What is Ghrelin and why is it important?
Parkinson’s disease is characterised by a loss of dopaminergic neurons within areas involved in motor coordination, primarily resulting in motor deficits. Ghrelin has a role in activating dopaminergic neurons by acting as a ligand for the growth hormone secretagogue receptor (GHSR). GHSR is found throughout the body but can also be found in small amounts in the brain, particularly in the Pars Compacta portion of the substantia nigra (SNc).
Ghrelin activation of SNc dopaminergic neurons feeds into an area within the basal ganglia, known as the striatum. This area plays a central role in motor action and planning, communicating with other brain areas, including the thalamus which relays these motor signals to areas of the cortex involved in movement generation and coordination.
Activation of dopamine neurons in the SNc causes an increase in the enzyme tyrosine hydroxylase in the midbrain, which increases dopamine turnover in the striatum.
Higher numbers of GHSR and tyrosine hydroxylase co-expressing neurons have been identified in the SNc than other parts of the brain. These lost neurons primarily project into the SNc affecting its influence on the basal ganglia’s motor coordination.
What was done in this study?
To study the changes in Ghrelin within Parkinson’s disease patients, Professor Narita et al generated disease specific dopaminergic neurons from the skin cells of Parkinson’s patients, whose disease was a result of a genetic mutation in the PARK2 gene. This allowed for recapitulation of the disease in a human relatable model as the disease phenotypes were retained in the generated neurons.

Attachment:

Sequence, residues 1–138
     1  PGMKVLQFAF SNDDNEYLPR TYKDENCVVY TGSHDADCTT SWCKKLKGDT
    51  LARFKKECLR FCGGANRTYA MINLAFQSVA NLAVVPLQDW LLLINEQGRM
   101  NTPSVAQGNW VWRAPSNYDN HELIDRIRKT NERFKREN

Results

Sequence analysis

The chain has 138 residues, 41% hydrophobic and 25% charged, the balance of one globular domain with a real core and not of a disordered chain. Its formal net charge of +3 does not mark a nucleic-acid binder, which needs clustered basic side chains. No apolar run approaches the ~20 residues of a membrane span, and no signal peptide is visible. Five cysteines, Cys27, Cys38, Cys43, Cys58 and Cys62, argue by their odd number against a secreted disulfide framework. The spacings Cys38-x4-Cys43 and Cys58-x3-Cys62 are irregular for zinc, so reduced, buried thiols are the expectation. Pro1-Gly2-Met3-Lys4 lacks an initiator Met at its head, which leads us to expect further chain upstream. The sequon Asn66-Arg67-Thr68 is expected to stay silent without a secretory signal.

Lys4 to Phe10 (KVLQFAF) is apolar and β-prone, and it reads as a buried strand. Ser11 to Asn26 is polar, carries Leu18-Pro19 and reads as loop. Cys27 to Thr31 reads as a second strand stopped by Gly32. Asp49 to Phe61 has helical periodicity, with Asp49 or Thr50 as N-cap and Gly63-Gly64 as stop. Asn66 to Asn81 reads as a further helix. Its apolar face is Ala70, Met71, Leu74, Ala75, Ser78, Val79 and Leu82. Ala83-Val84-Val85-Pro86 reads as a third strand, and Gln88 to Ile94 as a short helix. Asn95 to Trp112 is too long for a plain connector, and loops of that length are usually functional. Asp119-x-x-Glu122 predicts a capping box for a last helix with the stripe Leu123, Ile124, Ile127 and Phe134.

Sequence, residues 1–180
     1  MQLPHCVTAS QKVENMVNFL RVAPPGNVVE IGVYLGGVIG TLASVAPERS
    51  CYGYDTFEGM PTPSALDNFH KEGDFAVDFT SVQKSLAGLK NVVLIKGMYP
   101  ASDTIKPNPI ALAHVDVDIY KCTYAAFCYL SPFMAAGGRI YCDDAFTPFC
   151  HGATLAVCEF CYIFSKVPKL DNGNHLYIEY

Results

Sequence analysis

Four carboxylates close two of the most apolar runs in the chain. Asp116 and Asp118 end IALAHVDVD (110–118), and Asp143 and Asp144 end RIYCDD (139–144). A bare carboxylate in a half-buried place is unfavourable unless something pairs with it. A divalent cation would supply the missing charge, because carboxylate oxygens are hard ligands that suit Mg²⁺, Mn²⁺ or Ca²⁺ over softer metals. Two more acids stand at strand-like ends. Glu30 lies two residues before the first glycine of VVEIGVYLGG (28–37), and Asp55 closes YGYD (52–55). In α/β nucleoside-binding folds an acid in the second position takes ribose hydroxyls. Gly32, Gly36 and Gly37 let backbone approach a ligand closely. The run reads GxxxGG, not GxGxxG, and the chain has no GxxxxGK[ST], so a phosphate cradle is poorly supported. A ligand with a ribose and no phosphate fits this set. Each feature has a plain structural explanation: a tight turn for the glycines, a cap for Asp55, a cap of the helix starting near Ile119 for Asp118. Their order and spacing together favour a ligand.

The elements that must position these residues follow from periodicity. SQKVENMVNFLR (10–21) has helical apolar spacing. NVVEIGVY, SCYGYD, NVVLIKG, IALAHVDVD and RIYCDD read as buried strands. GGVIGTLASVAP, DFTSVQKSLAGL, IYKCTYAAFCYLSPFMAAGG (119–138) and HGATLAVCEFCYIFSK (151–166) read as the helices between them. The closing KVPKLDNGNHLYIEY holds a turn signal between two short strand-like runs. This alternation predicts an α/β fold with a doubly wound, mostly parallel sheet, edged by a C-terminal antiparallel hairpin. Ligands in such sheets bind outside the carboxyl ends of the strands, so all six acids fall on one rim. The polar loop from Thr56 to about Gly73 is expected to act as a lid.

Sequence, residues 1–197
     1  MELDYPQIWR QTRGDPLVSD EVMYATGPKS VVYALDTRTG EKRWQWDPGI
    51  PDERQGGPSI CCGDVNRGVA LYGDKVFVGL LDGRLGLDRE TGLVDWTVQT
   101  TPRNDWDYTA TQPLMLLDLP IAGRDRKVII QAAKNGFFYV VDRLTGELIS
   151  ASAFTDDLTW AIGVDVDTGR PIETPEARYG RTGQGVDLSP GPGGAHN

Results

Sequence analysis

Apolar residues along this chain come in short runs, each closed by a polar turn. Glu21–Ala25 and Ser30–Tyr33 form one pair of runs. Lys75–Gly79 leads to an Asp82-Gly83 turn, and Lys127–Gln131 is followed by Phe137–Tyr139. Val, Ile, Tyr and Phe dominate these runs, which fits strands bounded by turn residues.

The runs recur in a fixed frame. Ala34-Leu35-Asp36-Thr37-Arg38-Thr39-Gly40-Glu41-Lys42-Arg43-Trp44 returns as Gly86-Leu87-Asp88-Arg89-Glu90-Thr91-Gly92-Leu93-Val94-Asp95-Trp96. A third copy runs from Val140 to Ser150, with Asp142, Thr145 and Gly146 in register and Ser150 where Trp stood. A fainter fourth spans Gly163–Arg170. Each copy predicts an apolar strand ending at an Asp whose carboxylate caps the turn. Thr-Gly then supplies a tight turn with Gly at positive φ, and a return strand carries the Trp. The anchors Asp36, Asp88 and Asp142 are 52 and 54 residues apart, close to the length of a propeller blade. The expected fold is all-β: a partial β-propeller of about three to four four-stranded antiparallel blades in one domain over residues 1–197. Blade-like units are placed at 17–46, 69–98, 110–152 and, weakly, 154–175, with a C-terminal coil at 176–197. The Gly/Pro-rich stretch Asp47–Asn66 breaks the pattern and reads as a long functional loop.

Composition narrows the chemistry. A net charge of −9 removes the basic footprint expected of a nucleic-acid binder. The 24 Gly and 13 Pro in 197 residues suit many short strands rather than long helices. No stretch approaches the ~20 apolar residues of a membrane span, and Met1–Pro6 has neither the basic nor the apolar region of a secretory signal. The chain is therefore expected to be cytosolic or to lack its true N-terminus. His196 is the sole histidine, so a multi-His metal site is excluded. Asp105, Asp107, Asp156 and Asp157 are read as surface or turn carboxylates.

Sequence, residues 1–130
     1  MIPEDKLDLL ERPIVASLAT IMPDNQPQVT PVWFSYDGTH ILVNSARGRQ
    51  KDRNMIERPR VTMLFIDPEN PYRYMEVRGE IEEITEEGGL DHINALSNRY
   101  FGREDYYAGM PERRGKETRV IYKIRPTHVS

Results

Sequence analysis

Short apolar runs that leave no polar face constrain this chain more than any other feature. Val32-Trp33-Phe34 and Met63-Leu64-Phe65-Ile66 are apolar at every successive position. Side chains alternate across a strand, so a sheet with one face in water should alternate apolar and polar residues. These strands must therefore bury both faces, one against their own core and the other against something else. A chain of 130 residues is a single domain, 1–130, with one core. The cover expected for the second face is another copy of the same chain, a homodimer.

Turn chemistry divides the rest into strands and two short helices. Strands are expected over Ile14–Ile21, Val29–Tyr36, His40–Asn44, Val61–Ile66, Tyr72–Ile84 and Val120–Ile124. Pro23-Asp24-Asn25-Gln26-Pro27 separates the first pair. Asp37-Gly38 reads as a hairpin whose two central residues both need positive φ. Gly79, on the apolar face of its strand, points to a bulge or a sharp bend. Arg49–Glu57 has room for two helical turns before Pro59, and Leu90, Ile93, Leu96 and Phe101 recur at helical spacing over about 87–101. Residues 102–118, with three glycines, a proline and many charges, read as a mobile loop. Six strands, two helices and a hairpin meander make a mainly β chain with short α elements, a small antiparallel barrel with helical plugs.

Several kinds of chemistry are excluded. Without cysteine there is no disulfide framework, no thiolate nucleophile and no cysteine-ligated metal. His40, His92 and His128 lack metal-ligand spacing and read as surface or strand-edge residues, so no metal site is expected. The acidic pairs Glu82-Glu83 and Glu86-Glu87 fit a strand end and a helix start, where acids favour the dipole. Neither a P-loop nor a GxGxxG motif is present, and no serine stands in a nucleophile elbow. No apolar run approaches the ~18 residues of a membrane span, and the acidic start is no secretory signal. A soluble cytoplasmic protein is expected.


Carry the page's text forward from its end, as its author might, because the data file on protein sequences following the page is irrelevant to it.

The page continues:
They found a significant decrease in the mRNA levels and protein expression of the GHS receptors, in both the disease specific iPSCs generated from patient samples, and those generated in vivo using the technology CRISPR/Cas9 to introduce the PARK2 gene mutation.
In order to investigate whether direct inhibition of GHSR function in the brain can affect motor coordination, researchers conducted an in vivo evaluation in a normal mouse model. These mice were injected in the brain with a GHSR agonist ([D-lys3]-GHRP-6). This induced a dose dependent impairment of motor coordination, demonstrated by the reduced time for which the mouse could stay on in a rotarod test.
This evidence, along with the down regulation of GHSR seen in in the iPSCs, suggests that deficits in GHSR activity in the SNc caused by neuronal loss may be part of the symptomatic development of Parkinson’s disease.
But how might this implicate Parkinson’s patients in the future?
Although further analysis may be required to identify exactly how the PARK2 mutation affects GHSR expression it is clear that down regulation of Ghrelin receptors in dopaminergic neurons play a role in the initial dysfunction of the neurons, leading to motor dysfunction seen in Parkinson’s.
Identification of this biochemical change could provide an alternative route of therapeutic targets for Parkinson’s patients. The use of Ghrelin and its pathway as a therapeutic route is supported by previous studies which showed that Ghrelin restricts dopamine cell loss in the SNc and striatum in mice due to its neuroprotective properties.